For the last two weeks or so, I’ve been experimenting with how Soylent might fit into my life. The verdict is that it does, though on a once- or twice-a-day basis. In theory, you can replace all your meals with Soylent, but I came to prefer using it in conjunction with “normal” meals.

The product itself is a powder that, when mixed with water and a pre-measured oil preparation, becomes a drink that purports to contain all the nutrients your body needs to be healthy. A one-week supply costs $US85. If you use it for three meals a day, that’s $US4.04 per meal. A two-liter container will hold a day’s worth — three “meals” — of Soylent. Rhinehart and plenty of Soylent customers themselves make the drink the primary component of their diets, living on it entirely or nearly so.

Soylent is not out to “end food.” This is a silly, misguided notion that speaks to a wholly incorrect idea floating around that you have to go all-Soylent or not at all. It’s a false choice that misrepresents what Soylent’s all about: convenience. Eat food when you want, drink Soylent when you want.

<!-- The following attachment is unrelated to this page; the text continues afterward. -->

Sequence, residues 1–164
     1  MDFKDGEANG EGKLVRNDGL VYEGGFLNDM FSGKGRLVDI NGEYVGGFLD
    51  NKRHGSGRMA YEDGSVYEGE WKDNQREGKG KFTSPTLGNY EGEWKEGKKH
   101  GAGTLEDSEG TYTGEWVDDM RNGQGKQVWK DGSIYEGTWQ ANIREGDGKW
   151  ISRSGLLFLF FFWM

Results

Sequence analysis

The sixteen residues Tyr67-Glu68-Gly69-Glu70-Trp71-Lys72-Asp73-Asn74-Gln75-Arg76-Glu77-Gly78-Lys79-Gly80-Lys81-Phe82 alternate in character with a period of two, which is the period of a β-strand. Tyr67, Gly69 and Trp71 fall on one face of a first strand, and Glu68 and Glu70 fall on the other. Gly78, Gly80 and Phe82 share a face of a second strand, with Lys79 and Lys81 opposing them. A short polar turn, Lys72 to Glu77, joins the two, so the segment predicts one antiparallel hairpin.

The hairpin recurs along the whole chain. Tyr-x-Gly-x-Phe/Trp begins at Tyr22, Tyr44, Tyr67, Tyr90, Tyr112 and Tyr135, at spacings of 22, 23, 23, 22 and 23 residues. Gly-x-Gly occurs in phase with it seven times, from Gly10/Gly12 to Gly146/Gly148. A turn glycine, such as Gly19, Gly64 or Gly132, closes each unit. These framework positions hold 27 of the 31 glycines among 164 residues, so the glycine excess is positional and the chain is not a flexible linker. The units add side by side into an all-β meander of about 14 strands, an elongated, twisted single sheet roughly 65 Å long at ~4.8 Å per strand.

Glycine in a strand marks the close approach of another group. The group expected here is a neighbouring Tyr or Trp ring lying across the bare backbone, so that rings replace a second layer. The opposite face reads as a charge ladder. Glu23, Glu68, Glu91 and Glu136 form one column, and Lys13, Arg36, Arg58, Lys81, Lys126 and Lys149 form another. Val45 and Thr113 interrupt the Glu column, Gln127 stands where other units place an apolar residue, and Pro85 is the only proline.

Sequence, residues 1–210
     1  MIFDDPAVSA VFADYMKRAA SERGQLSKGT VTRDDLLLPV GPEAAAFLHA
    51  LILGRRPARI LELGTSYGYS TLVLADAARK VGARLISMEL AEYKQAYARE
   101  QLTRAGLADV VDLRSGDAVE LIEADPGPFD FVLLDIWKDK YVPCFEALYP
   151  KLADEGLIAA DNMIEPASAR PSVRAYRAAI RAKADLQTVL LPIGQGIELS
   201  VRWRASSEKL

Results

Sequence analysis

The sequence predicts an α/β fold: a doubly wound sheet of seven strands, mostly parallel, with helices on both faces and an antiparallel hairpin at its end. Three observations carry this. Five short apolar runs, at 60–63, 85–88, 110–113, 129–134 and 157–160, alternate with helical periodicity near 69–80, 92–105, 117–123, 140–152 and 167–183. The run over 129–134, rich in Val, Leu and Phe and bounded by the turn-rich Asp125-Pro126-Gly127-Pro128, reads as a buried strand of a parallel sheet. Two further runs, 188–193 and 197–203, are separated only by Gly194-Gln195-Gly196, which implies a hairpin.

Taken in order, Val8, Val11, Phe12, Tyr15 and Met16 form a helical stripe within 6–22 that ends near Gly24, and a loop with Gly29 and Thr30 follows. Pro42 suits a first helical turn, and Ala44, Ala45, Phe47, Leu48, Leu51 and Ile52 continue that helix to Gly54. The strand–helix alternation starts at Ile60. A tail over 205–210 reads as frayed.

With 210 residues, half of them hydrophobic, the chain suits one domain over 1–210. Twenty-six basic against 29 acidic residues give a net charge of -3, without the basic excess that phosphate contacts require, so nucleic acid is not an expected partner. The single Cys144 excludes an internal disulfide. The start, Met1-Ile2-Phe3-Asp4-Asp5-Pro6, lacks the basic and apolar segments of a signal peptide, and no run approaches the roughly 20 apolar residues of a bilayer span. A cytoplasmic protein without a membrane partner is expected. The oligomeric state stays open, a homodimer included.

I approached my Soylent test-drive from the following angle: I would drink Soylent for a meal unless there was something specific I wanted to eat instead. A lamb gyro from a certain halal cart near the office or a late night Seamless delivery for just-gotta-have-it buffalo wings, for example.